Fourth Grade School Program - All fourth graders from Chatham were invited to come to the courthouse for a program that teaches history downstairs while a mock trial upstairs in the courtroom provides a civics lesson. The program requires the attention of about ten dedicated volunteers and costumed re-enactors. Classes are scheduled two times a month September through May. Chatham County school administrators are quite supportive of this program. Nearly 600 students are served in an academic year. An end of year recognition of volunteers and supporters was held.

Historical Programs – February’s annual meeting featured the work of Dr. Mansel McCleave and his involvement with the Greensboro Sit-In; by summertime we were partnering with the Alamance Battleground for the Descendants Gathering event; October featured the Siler City tour of historic homes and buildings; in November John Hudson Emerson showcased the Dunlap and related family connections around Bonlee, Bennett and points in western Chatham – as they rode the Bonlee and Western railroad.

Preservation Actions – The Manly Law office is "tighter" since the chimney was Ram-jacked back up next to the building. This important project was generously funded by our Questor friends. The Marshall log cabin was sold and moved. It will now be a part of the commercial property of Hobbs Architects in conjunction with the renovation of the Lewis Freeman/Jane Pyle house. This is a wonderful case of preserving two historic properties that will complement each other. The Smokehouse from the Ag Center property remains in "storage" awaiting its final home site. CCHA continued working with the Planning Department to identify historic properties on land destined for development. Cemetery data is still being researched, saved, photographed, and shared.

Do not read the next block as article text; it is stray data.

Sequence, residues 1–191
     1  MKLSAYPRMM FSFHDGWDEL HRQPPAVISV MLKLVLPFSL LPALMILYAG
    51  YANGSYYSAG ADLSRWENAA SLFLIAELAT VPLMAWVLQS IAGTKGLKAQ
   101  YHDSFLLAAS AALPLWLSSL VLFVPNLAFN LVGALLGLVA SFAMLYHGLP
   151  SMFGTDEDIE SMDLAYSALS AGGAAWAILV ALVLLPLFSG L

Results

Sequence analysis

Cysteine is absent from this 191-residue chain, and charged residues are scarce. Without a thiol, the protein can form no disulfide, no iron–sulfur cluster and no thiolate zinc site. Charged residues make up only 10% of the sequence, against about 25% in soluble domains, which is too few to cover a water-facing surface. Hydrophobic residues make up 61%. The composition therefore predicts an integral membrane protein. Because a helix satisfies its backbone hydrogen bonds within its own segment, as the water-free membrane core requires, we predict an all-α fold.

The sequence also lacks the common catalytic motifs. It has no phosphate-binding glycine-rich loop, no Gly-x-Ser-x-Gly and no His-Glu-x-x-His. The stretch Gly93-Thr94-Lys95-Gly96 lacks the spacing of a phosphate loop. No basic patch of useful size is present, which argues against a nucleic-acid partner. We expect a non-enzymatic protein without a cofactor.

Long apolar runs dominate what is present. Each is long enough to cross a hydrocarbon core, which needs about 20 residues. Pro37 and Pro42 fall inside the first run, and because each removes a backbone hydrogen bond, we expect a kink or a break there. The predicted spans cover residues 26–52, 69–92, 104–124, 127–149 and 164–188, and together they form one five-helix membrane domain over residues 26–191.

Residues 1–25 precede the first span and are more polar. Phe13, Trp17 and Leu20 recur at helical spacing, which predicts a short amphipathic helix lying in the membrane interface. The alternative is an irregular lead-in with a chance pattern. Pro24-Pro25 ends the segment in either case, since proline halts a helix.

Newsletters, website, and Facebook – We continue to modernize our communications – sometimes more successfully than other times. Please add the Chatham County Historical Association to your address book so that you can receive digital info from us. Our email address is: Currently, we are working to deliver the newsletter to you via email; some may still receive a hard paper copy.

Library Connections – CCHA members volunteer at the Chatham Community Library to assist with genealogical research in the Local History Section and to save and document materials stored there.

Historical Collection – Through generosity of many, added materials include memorabilia and historical newspapers from the family of Candace Simmons, three original paintings of Pittsboro places by Mrs. Annie Bynum donated by her granddaughter, published genealogy of the Dunlap family by John Hudson Emerson (and some oxen shoes), photograph of John Randolph Lane and Charles McConnell at Gettysburg by Lane Brown, and by Harvey Gunter a family heirloom 1850 clock as well as an antique chair in memory of Jane Pyle. Many more too numerous to mention here but still genuinely appreciated.